Female header is like the duct tape of electronics. It's great for connecting things together, soldering to perf-boards, sockets for wires or break-away header, etc. We go through...
$2.50
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Break-away 0.1 inch 36-pin strip male header - yellow plastic
In this world nothing can be said to be certain, except we need headers, headers, and more headers!Each pack contains ten yellow 36-pin 0.1"...
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You'll need a TV or monitor with a composite video input -- this is nearly always a yellow RCA jack.

Some modern displays have compositve video inputs, but this looks particularly awesome on an old CRT TV!

The most basic setup is to simply wire the QT Py GND to the negative (sleeve) conductor of the video plug, and the QT Py A0 pin to positive (tip), as shown below.

To get a bit fancier, you can create a small sandwich of QT Py, video plug, and BFF charger board, with a side of LiPo battery. This way, you'll be able to run from battery, or plug into USB C for power and charging.

You can choose to use the plug or jack version of the video terminal block breakout. These can also be swapped later.

Or, get a socket-socket adapter to allow the nub to be used in cable mode.

Assemble Headers, Wires

Solder the extra long header pins to the QT Py as shown -- Note, the addition of a second set of spacers is highly optional, it only serves to look cool.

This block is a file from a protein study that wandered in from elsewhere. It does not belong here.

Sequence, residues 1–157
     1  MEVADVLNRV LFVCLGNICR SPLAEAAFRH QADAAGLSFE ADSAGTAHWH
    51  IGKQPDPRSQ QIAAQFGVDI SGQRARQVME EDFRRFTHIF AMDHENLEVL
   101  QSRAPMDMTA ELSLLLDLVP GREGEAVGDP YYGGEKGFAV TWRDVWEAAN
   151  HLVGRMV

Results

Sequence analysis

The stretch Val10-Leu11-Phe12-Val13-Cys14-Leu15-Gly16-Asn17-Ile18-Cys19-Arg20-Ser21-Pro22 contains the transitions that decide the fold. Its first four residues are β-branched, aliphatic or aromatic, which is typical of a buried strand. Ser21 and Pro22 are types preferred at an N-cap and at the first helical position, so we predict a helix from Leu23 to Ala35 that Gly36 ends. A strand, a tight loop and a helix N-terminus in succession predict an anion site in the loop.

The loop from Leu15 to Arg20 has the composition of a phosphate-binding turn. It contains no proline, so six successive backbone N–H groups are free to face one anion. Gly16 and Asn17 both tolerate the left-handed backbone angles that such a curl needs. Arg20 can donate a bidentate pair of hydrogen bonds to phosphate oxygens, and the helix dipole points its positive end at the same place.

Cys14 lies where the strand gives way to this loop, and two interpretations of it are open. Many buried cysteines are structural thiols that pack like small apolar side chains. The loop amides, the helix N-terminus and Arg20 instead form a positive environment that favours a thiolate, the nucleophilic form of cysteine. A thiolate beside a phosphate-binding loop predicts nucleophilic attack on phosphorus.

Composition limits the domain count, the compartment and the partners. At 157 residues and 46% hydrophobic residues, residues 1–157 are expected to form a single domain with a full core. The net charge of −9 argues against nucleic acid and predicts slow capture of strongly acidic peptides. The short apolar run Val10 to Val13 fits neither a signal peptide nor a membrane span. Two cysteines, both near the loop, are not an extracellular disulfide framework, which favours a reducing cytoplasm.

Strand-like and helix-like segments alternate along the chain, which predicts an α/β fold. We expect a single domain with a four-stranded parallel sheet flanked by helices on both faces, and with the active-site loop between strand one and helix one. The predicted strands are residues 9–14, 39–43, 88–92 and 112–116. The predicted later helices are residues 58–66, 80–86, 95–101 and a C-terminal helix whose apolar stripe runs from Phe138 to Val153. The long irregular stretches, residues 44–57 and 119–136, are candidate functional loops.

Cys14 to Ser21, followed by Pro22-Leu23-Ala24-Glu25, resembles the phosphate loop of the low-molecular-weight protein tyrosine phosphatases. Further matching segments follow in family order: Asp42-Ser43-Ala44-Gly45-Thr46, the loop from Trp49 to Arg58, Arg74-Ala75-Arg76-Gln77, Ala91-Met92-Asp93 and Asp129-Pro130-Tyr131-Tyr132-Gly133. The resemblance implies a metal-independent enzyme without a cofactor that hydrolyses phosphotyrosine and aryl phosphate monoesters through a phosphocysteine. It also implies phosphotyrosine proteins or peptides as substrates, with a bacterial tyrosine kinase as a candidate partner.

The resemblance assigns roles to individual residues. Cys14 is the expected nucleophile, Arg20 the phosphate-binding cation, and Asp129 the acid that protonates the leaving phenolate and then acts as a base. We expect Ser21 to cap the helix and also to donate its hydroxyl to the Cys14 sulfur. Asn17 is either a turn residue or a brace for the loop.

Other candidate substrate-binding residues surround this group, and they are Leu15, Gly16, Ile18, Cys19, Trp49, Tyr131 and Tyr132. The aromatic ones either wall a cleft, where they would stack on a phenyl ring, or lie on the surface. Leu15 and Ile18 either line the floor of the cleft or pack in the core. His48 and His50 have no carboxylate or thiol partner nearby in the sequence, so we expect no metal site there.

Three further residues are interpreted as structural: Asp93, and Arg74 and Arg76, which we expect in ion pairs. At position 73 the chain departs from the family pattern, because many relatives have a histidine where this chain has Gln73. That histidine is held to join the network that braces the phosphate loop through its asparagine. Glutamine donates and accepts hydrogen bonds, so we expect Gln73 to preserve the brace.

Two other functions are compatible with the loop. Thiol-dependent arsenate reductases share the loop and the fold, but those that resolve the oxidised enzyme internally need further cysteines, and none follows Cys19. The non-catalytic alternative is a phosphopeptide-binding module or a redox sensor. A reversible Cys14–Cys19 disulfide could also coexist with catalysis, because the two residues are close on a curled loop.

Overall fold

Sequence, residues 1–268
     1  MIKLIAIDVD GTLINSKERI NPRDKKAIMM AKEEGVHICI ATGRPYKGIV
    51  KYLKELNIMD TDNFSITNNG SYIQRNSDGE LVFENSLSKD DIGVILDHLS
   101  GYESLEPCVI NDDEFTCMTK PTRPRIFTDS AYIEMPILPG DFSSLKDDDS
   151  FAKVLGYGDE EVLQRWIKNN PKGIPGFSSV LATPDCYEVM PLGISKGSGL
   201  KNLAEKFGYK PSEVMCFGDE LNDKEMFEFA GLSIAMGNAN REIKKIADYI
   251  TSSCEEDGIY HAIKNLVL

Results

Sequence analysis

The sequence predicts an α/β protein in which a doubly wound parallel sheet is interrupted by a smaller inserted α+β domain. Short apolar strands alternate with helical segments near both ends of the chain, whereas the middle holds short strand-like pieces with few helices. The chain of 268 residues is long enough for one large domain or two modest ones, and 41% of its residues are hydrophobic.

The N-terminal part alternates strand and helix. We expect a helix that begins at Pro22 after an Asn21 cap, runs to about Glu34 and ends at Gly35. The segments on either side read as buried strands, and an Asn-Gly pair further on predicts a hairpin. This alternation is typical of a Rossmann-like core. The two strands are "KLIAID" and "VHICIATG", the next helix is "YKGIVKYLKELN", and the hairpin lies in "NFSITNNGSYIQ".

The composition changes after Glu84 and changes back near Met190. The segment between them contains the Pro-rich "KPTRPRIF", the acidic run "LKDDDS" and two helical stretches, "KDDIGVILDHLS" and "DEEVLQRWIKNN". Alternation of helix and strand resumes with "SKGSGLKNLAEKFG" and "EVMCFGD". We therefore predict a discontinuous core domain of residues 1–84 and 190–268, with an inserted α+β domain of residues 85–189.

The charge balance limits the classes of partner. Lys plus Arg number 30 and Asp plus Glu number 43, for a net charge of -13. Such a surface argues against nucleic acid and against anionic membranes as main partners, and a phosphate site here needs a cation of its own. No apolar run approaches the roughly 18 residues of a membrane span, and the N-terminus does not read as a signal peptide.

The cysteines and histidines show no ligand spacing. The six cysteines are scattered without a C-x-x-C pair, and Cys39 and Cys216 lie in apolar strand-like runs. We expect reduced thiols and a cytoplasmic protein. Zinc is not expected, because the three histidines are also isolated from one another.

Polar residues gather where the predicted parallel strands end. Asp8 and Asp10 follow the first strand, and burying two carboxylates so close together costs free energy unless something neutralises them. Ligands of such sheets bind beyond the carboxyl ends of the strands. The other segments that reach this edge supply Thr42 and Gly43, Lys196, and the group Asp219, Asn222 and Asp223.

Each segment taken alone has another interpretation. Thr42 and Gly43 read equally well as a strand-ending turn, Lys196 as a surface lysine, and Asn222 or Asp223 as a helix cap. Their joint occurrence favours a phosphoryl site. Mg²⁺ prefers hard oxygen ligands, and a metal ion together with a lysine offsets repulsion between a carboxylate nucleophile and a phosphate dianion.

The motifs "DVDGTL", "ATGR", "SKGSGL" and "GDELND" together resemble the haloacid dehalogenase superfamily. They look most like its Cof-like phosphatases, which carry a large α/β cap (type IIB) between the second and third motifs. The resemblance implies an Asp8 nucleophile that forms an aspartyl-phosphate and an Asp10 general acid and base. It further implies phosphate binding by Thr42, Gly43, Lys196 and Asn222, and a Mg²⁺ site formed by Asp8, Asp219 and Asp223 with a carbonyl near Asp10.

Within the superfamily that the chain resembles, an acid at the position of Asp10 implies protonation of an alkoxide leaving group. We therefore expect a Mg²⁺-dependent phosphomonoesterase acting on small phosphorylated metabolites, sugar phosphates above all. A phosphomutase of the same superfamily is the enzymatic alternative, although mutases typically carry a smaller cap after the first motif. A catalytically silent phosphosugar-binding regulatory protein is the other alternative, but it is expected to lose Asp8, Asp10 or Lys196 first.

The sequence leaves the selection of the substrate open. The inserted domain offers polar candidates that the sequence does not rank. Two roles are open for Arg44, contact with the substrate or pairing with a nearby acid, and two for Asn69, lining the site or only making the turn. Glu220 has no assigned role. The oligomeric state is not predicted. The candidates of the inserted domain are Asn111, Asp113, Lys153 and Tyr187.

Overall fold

Solder the header sockets to the underside of the BFF.

Solder a short black wire from the QT Py GND to the composite video plug's negative (-) terminal and a yellow wire from the QT Py A0 to the video plug's positive (+) terminal as shown.

Then, sandwich the plug between the boards as shown. Delicious.

Add Battery

Plug the battery into the BFF.

Use a small loop of Kapton tape or a small piece of double-sided foam tape to secure the battery to the header.

Use It

Inject Video

You can plug right into the composite video jack of a TV or monitor, flip the BFF power switch to on, and set the input to "composite" or "video".

USB Powered

If your monitor has a USB port you may be able to power (and charge) the video nub shank using a short USB C to USB A cable.

Adapt

Here's how to adapt from shank mode to cable mode.

One excellent demo for video on ESP32 is the esp32-dali-clock by marciot. This is an Arduino sketch and supporting libraries, so make sure you have the Arduino IDE installed and can successfully run the Blink sketch before proceeding. This guide shows how, but is for the newer ESP32-S2 -- we'll update this once the QT Py ESP32 Pico guide is ready.

Download

To run this demo, first download the .zip file and uncompress it.

Move the esp32-dali-clock folder into your Arduino sketches directory.

Settings, Compile, Upload

In order to compile and upload to the board, first select Tools > Board > ESP32 Arduino > Adafruit QT Py ESP32.

Then, match the other settings shown here. Very important: Click Tools > PSRAM > Disabled. If you don't disable the PSRAM the video will suffer vertical sync issues and jiggle up and down!

When you're ready, click Sketch > Upload (or use the upload button) to compile and upload the code to the board.